Research in Motion Debuts BlackBerry PlayBook

by Anthony John Agnello | September 28, 2010 2:36 pm

Research in Motion (NASDAQ: RIMM[1]) finally revealed its new tablet computer to the world last weekend. At the BlackBerry Developer Conference in San Francisco, RIM debuted the BlackBerry PlayBook, a slim tablet device as aesthetically streamlined as its chief competitor, Apple’s (NASDAQ: AAPL[2]) iPad. CEO Mike Lazaridis called the PlayBook the world’s “first professional tablet,” hoping to recapture the lucrative enterprise market that has been the BlackBerry product line’s chief audience for the past decade.

The PlayBook’s specifications are in line with those reported to be included the BlackPad, the rumored name of Research in Motion’s tablet prior to PlayBook’s announcment this weekend. The tablet features a multitouch 7-inch screen with a 1024 x 600 pixel resolution, giving it a slightly lower resolution than Apple’s iPad but a form factor that is also 2.7-inches smaller. The PlayBook also sports some real processing power with an ARM Holdings (NASDAQ: ARMH[3]) Cortex A9-based, dual-core 1GHz CPU and 1GB of RAM making it, according to Research in Motion, “the fastest tablet ever.” Wireless communications supported include WiFi 802.11a/b/g protocols as well as Bluetooth 2.1. The tablet will be capable of outputting 1080p video and has both a 5 megapixel rear camera in addition to a 3 megapixel camera on its face, providing video conferencing support for business users and video chat not dissimilar to Apple’s popular FaceTime application. While Resarch in Motion didn’t confirm the PlayBook’s onboard storage memory, models on the BlackBerry Developer Conference show floor were labeled 16GB and 32

Research in Motion also confirmed the rumor that its new tablet would not support the company’s recently released BlackBerry 6 operating system, opting instead to utilize a brand new operating system developed by recent acquisition QNX. The RIM and QNX co-developed operating system, appropriately named BlackBerry Tablet OS, offers what Lazaridis called “an amplified view of what’s already on your BlackBerry.” The tablet’s OS allows users to automatically sync data between the PlayBook and their BlackBerry phone via Bluetooth. Further details on syncing weren’t given, but it appears that RIM is looking to emphasize the interchangeability of the PlayBook and BlackBerry smart phones.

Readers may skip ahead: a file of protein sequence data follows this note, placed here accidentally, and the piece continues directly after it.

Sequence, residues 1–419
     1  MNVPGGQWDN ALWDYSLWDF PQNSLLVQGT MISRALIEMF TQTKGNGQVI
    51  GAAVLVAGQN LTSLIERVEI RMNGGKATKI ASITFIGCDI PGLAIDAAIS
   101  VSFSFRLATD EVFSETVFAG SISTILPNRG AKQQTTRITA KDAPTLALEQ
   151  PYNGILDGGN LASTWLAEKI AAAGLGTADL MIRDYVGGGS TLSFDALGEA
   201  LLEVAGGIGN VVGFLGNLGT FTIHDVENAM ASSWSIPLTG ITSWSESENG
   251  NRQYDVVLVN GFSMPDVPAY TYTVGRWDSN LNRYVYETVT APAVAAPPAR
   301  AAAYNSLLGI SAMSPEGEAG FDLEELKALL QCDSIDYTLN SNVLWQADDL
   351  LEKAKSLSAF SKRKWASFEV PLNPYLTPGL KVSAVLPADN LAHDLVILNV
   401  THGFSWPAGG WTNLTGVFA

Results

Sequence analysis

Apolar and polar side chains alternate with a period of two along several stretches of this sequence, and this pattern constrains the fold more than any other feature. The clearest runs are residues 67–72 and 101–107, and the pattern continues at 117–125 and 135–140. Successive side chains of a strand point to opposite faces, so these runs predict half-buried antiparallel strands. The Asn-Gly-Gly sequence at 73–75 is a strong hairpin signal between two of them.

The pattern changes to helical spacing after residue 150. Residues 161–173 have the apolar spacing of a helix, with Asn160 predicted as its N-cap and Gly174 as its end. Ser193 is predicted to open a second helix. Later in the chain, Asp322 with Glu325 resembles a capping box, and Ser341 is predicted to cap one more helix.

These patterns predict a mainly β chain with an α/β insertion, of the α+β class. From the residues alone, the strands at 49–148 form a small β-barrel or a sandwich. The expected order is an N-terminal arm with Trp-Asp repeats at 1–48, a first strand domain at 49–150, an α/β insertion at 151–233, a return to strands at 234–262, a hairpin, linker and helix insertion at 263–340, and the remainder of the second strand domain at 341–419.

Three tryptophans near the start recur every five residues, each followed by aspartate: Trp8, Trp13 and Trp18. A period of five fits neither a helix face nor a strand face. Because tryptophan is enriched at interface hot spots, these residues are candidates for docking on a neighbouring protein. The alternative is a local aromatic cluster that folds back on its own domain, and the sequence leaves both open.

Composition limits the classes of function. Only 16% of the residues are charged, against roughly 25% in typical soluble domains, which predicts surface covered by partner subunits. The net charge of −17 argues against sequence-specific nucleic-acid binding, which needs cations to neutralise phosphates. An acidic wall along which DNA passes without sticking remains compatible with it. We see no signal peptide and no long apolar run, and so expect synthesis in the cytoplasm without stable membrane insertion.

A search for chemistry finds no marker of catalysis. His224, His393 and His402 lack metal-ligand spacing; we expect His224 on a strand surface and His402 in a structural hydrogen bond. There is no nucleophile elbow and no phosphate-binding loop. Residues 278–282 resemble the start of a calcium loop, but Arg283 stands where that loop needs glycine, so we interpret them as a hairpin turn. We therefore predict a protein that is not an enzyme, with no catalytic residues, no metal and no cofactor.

The PlayBook is inarguably the most attractive device Research in Motion has designed in some time, showing that they’ve learned from Apple’s emphasis on style in addition to functionality. Given that the BlackBerry Tablet OS is still very much an unknown quantity, it’s hard to say whether or not users will respond to it in the same way they have competing mobile platform like Apple’s iOS and Google’s (NASDAQ: GOOG[4]) Android OS, but RIM’s decision to utilize a platform created by QNX shows that the company is taking criticisms leveled against their internally developed operating systems to heart. On paper, it looks like Research in Motion is ready to compete in the burgeoning tablet market.

Shareholders are clearly concerned however. RIM shares have dropped over 4% since Sunday and are trading around $46 today. Plenty of details about the PlayBook were revealed at the conference, but RIM did not disclose a release date or price point for the machine, pointing only to a vague early 2011 rollout. That Research in Motion is willing to let Apple dominate the tablet market throughout the holiday season uncontested is a bad sign. Also disheartening is the mixed messaging surrounding the PlayBook. Lazardis described the machine as the first tablet for professional use but lauded the QNX OS’ abilities as a video game platform just moments later. Research in Motion needs to get this thing to market as soon as possible with a clear marketing message or shareholders can expect a steeper drop in share price than just 4%.

As of this writing, Anthony Agnello did not own a position in any of the stocks named here.

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